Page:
Modeling air pollution: Informing policies to address a global environmental challenge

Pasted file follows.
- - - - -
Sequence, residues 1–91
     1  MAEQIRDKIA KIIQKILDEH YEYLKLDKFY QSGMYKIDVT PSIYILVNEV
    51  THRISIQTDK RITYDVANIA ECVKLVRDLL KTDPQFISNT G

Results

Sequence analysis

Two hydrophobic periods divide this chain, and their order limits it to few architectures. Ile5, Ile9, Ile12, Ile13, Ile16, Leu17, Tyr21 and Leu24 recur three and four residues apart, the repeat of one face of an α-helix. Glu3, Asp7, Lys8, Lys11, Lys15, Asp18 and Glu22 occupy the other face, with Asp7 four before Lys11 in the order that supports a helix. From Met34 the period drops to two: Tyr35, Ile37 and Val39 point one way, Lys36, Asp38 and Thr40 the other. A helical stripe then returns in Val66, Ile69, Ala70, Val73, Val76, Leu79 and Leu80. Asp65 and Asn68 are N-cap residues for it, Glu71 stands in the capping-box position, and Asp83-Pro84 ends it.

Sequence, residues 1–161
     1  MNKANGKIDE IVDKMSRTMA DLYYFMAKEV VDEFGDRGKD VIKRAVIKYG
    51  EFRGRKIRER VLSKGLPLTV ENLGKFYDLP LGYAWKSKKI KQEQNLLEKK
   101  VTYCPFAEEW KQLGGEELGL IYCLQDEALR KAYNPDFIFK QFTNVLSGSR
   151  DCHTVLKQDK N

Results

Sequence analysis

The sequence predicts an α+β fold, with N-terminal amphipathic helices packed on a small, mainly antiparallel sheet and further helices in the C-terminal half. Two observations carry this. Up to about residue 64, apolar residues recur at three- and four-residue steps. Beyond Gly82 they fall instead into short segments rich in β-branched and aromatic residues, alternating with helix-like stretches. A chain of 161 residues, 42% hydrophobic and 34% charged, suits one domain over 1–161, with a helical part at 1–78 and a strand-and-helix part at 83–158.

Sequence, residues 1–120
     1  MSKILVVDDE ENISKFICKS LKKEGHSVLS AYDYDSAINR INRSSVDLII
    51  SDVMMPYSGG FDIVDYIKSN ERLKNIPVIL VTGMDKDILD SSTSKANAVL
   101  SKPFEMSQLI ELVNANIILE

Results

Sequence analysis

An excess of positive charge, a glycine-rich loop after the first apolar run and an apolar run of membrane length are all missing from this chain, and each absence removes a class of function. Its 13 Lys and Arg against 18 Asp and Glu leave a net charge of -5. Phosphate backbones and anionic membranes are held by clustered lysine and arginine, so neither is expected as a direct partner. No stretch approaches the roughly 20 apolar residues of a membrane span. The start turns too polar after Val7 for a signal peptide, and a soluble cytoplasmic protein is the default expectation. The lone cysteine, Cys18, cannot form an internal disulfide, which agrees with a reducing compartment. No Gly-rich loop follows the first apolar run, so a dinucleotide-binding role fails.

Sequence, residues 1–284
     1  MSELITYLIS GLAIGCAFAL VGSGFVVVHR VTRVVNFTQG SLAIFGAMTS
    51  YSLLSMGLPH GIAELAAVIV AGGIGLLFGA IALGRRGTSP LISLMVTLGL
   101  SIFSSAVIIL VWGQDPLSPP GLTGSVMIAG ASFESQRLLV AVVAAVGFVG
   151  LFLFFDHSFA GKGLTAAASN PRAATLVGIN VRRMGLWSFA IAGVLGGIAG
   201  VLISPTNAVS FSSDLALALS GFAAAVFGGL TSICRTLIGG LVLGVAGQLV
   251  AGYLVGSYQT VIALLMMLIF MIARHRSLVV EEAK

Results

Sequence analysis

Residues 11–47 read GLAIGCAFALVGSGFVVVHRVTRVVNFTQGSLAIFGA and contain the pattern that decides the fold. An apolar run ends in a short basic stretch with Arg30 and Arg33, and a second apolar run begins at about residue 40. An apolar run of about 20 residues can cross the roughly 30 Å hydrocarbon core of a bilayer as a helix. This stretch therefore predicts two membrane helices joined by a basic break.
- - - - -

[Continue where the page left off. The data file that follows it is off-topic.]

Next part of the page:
Air pollution is a leading cause of global mortality: according to the World Health Organization, 90% of people worldwide breathe polluted air, and outdoor air pollution causes over 4 million deaths annually. Different models can simulate various aspects of the air pollution problem by quantifying pollutant emissions from different sectors and their socio-economic drivers, tracing the chemistry and transport of atmospheric processes, attributing pollutant concentrations to specific sources, and quantifying the health and economic burdens of pollutant exposure. To inform efforts to mitigate air pollution, however, we need to trace the entire pathway by which policies to address emissions translate into societal benefits. Doing this requires connecting models from different academic fields, and which exist in different modeling languages, with different temporal and spatial scales, and with different core scientific assumptions. In this talk, I summarize work from my research group evaluating the impacts of air pollution policies by connecting and integrating models across this conceptual chain. Examples provided include assessing the air pollution and related health impacts of proposed policies to address climate change in the U.S. and China, and quantifying the domestic and international benefits of mercury reduction policies in China, India, and the U.S. Technical challenges of linking models include accounting for issues of temporal and spatial scale, complexity, and boundaries. Effectively informing decision-making, however, also requires that decision-makers see models as credible, salient, and legitimate. Thus, I also describe ways in which we have engaged with stakeholders and decision-makers, and examine how these efforts have influenced the impact of this research on policy.